Fourth Grade Class Speaks at Portland City Hall

Fourth Grade Class Speaks at Portland City Hall

This week, the fourth grade class made a visit to Portland City Hall where they made an appeal before the Portland City Council. Throughout the year, 4th graders have focused on learning about advocacy and government. They visited and heard from advocates and hosted an Advocacy Symposium about the UN Sustainable Development Goals. This visit to City Hall was the culmination of their year-long studies, as part of our school-wide Season of Commitment, where students work to put learning into justice-based action in the community. 

With the help of All-School Community Engagement Coordinator Kristen Haferbecker, the class applied for three, three-minute speaking slots to address the city council. The whole fourth grade collaboratively researched and wrote remarks in advance, which advocated for the full implementation of the UN Sustainable Development Goals in our region, specifically related to plastics production and plastics recycling (under the Reasonable Consumption and Production SDG).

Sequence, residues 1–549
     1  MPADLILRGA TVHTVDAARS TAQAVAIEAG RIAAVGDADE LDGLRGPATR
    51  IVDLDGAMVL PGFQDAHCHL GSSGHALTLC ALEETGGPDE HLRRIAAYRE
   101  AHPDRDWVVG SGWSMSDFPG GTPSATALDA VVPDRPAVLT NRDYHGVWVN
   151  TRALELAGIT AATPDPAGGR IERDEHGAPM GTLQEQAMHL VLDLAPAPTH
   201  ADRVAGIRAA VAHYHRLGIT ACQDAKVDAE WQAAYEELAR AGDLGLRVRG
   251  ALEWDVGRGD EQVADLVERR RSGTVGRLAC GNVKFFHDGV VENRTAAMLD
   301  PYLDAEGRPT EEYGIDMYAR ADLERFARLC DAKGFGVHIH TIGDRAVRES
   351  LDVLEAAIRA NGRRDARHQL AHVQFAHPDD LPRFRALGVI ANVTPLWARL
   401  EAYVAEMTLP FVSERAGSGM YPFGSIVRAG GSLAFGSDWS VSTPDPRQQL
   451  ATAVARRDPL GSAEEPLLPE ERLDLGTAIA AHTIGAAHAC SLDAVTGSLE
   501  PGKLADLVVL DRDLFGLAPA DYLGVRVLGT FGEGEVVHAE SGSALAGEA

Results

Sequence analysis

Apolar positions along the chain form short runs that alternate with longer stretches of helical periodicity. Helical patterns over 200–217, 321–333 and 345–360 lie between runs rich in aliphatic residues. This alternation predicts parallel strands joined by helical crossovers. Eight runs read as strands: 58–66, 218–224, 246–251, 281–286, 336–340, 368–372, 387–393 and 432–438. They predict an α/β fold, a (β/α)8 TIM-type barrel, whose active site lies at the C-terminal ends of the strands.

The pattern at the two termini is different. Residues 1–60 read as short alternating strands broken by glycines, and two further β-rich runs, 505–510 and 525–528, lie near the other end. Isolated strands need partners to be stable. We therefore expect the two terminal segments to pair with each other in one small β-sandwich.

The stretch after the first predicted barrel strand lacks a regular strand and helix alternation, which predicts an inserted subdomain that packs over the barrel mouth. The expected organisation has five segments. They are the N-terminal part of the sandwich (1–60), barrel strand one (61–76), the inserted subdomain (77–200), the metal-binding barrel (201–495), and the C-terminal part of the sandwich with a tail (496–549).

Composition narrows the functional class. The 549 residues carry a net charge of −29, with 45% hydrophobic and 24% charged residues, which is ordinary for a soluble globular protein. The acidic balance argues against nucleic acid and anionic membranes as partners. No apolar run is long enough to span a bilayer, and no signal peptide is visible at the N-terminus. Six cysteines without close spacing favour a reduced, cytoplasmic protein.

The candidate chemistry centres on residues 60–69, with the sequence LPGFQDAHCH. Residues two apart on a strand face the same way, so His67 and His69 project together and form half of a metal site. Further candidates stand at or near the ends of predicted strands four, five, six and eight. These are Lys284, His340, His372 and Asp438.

Nine student speakers were chosen to represent their classmates before the Council. They divided up their speaking slots so that three children could speak for one minute during each three-minute slot.  

Watch the video on YouTube (the OES presentation runs from 10:00-24:30).

All members of the Portland City Council were in attendance, and each remarked on the students’ ideas and passion, all of which were captured in the video clip linked above. Council members include: Mayor Ted Wheeler, Commissioner Carmen Rubio, Commissioner Dan Ryan, Commissioner Rene Gonzalez, and Commissioner Mingus Mapps.

Fourth Grade Teacher Michelle Vitone said, “The city council was so pleased that the fourth graders attended. They gave them a lot of praise in their work including their well crafted and practiced speeches. Ted Wheeler specifically praised the students on including ideas that they agreed on when it came to the city's recycling plan before launching into what they wanted to see changed or improved upon. Future actions are still to be determined, but the kids definitely captured the attention of their audience with their message.”

Photos contributed by Barrett L. ’23